Local authorities accused the Christian leaders of “tricking new members and disuniting the Bulgarian nation”. The religious freedom of the pastors was violated with “pejorative and hostile language”, says the European Union Human Rights court.
In 2008, the City Council of Burgas, Bulgaria, warned all school administrators in the city that evangelicals were “carrying out a massive campaign of agitation, tricking new members, and disuniting the Bulgarian nation”.
They also said that attending Protestant church services could bring “mental aberrations and disorders”, and asked students to report if they had ever met someone from an evangelical group.
Pastors Zhivko Tonchev and Radoslav Kiryakov brought judicial proceedings against the municipal authority and the Interior Ministry before the Administrative Court, but the case was rejected and the government never retracted.
The next step they took, with the support of Christian human rights organisation ADF International, was to appeal to the European Court.
The ECHR stated that “the authorities had interfered disproportionately with the applicants’ right to freedom of religion, overstepping their margin of appreciation”, with “a pejorative and hostile language”.
Tonchev said after the ruling that they were “thrilled that the ECHR has recognised our fundamental right to religious freedom just in time for Christmas. Government officials had no right to malign our Christian faith, just because we are distinct from the majority religious practice in Bulgaria”.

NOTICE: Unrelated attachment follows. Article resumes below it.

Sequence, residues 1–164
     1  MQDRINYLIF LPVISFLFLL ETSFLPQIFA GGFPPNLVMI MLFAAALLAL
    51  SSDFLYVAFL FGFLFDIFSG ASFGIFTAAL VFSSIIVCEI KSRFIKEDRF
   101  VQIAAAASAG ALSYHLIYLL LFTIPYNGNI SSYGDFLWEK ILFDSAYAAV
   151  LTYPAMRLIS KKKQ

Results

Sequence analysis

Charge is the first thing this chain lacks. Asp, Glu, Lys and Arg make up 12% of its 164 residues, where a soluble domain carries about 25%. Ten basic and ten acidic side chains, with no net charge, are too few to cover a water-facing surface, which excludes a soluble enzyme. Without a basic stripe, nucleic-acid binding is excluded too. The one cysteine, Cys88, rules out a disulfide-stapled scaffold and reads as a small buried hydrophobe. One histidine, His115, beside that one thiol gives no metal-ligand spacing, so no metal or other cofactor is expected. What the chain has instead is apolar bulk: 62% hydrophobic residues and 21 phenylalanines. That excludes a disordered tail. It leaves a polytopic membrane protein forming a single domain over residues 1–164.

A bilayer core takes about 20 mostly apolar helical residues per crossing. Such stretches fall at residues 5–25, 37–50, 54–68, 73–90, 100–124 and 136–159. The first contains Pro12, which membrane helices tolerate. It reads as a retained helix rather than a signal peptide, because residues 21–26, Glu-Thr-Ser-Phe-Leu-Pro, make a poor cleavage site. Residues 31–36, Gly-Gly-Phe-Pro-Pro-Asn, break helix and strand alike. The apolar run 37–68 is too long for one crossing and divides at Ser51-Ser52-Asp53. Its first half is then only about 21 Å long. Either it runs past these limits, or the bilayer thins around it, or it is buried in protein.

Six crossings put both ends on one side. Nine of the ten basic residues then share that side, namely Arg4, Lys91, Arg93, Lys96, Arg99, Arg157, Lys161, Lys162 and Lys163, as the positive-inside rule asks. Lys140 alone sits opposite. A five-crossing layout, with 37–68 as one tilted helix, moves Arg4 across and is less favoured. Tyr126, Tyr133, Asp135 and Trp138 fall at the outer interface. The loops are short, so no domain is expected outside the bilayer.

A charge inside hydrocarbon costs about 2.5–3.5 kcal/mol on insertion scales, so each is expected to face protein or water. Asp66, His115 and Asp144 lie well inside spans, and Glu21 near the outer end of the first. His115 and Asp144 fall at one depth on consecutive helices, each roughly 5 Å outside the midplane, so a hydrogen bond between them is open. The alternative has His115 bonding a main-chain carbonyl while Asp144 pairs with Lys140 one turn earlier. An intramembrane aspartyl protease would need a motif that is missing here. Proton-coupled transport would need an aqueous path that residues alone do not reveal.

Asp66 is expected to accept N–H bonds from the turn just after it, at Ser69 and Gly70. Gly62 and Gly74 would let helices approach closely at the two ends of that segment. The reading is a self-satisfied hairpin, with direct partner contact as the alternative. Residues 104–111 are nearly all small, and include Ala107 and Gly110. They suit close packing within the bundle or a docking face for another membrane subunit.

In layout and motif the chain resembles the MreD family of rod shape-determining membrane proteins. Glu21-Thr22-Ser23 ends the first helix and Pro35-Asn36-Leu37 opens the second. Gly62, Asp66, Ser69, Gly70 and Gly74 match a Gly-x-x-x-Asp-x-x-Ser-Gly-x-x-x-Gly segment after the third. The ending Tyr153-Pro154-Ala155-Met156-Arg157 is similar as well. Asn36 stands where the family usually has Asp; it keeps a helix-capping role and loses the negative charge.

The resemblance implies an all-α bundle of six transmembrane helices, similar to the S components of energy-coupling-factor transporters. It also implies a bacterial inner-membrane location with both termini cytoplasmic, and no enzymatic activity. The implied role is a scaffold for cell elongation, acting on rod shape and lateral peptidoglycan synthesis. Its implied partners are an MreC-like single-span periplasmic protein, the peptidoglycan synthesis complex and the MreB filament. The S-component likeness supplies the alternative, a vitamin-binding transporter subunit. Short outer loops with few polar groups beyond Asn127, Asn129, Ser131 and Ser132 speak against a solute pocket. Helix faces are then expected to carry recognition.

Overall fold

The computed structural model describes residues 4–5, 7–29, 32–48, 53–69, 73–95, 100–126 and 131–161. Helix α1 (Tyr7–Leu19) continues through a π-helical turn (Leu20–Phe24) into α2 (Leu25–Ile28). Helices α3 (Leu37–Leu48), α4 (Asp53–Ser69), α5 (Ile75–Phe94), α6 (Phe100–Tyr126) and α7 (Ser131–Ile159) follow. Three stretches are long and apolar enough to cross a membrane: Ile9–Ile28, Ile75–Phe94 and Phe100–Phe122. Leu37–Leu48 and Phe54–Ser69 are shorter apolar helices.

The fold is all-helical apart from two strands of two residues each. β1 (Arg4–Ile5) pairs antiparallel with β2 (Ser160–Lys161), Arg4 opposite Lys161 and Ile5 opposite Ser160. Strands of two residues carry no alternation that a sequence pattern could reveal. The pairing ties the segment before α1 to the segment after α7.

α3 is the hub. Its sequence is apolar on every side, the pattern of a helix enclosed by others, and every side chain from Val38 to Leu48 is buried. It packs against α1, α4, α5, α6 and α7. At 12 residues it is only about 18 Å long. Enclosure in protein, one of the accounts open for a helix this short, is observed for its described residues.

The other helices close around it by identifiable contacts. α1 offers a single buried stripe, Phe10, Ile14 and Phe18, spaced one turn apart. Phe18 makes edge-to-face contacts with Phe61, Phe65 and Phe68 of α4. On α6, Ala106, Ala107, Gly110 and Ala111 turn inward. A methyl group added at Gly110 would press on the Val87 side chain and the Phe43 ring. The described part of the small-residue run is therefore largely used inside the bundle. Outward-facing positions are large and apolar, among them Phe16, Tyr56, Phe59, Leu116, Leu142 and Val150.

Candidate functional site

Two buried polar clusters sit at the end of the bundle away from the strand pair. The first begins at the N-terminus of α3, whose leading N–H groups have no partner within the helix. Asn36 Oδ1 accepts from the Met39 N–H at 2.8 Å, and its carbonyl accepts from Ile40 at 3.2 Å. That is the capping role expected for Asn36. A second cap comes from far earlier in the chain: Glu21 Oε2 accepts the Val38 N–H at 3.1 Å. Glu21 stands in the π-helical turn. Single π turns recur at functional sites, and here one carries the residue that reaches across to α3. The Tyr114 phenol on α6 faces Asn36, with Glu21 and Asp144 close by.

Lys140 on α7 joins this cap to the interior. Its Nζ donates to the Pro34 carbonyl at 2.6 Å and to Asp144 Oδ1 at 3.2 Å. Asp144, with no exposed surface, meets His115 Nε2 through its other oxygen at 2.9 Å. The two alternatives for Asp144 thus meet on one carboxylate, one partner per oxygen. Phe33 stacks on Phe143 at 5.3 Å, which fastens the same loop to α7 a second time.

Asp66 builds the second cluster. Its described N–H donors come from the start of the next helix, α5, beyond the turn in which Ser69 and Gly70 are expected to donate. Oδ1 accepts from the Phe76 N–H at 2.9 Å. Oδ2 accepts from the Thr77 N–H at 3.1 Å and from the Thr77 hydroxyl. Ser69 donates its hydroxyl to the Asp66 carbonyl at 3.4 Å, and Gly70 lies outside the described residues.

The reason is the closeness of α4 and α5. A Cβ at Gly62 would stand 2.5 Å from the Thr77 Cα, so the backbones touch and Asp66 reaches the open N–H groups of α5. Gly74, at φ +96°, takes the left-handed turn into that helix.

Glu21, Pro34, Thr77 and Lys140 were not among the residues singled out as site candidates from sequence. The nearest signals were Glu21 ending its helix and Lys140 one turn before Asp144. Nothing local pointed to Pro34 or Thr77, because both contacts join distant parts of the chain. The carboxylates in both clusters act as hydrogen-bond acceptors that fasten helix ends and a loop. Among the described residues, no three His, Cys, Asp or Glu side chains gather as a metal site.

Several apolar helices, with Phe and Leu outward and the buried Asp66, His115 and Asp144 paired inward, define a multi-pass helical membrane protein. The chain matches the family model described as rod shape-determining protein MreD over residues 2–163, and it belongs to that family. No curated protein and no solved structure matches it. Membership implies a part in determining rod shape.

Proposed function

“As pastors dedicated to the teachings of Jesus Christ, we rejoice that our rights, and the rights of all who believe, have been recognised”, added the pastor.
Robert Clarke, ADF International director of advocacy and co-counsel in the case, added that “the fundamental right to religious freedom belongs to every person. The ECHR has affirmed that the government of Bulgaria was wrong to target those Christians with an alarmist campaign designed to suppress the freedom to live out their beliefs (...) This sends a clear message that government efforts to stamp out religious freedom are unacceptable and fundamentally incompatible with democracy”.
Allied lawyer Viktor Kostov stressed that “with this ruling, justice has been served for all people of faith in Bulgaria”, after 14 years since Bulgarian authorities “sought to scare families from encountering Jesus Christ through these ministries by way of a scaremongering campaign targeting children”.